Dietary fat continues to be one of the most confusing and misunderstood topics in canine pet nutrition. When people try to make their own prey model diet, it is commonly too high in protein in relation to the amount of fat, Unfortunately for the misinformed pet owner, the cost in health terms can be very high.
In The Wild
A Wolves’ diet varies by location, season, and other factors. As carnivores, they tend to eat large and small animals depending on availability. One thing all of these animals have in common is skin, including a layer called subcutaneous tissue. this is basically a layer of fat with various functions that include regulating body temperature and padding muscles and bones from injury.
As you can guess, when wolves eat as much of the animal as possible, including the skin, the fat content of the meat they’re eating is drastically raised. Given how your dog’s body works, this is a very good thing!
Let’s Talk Macronutrients
Domestic dogs don’t have a biological need for carbohydrates; they use protein to rebuild muscle and use fat that’s used for energy. As a built-in safety mechanism, your dog’s body likes to store energy when possible.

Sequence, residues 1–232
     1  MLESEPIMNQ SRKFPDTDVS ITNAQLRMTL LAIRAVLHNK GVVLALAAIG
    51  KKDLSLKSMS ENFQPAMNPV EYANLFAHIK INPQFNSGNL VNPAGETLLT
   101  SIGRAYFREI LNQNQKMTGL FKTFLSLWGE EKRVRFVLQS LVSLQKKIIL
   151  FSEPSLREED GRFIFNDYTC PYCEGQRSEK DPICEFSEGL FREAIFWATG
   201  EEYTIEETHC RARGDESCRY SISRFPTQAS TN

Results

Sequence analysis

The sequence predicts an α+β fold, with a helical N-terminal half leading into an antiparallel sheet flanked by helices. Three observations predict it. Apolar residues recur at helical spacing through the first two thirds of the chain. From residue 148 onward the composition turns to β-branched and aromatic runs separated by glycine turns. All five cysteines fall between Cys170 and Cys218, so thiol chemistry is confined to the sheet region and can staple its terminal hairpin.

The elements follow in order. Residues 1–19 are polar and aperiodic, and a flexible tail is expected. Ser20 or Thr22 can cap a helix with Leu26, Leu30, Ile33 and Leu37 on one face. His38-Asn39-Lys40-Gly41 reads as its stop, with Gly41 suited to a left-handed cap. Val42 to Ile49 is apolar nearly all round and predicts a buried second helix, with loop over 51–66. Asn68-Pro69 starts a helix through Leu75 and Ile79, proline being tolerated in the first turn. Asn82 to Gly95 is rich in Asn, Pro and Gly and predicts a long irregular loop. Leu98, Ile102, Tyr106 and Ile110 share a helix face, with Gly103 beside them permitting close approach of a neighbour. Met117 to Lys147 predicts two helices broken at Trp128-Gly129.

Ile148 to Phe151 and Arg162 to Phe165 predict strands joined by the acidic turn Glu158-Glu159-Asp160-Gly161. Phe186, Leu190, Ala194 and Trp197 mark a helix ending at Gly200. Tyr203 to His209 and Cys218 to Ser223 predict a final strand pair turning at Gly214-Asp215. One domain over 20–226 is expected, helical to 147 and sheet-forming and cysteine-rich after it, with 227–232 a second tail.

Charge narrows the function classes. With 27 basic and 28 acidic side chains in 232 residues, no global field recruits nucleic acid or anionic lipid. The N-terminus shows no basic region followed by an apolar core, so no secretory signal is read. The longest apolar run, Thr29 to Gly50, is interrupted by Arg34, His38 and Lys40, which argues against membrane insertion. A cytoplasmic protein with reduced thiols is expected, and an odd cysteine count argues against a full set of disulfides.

When a diet is deficient in fat but contains carbohydrates, the body will store carbohydrates for energy instead. To get the same energy result, your dog needs to store twice the amount of carbohydrates, in terms of weight, as he does fats.
Contrary to popular belief, fat does not make your dog fat. The recent rise in canine obesity has everything to do with the rise in carbohydrate-rich plant ingredients in modern pet foods and not the fat content.
In this situation, the body is forced to use protein for the dogs energy, which has the adverse side effect of creating extra nitrogen to be filtered by the kidneys, which is very taxing on them!
There have been enough homemade diets deficient in fat and carbohydrates to create a misinformed view that raw diets create an extra burden for the kidneys.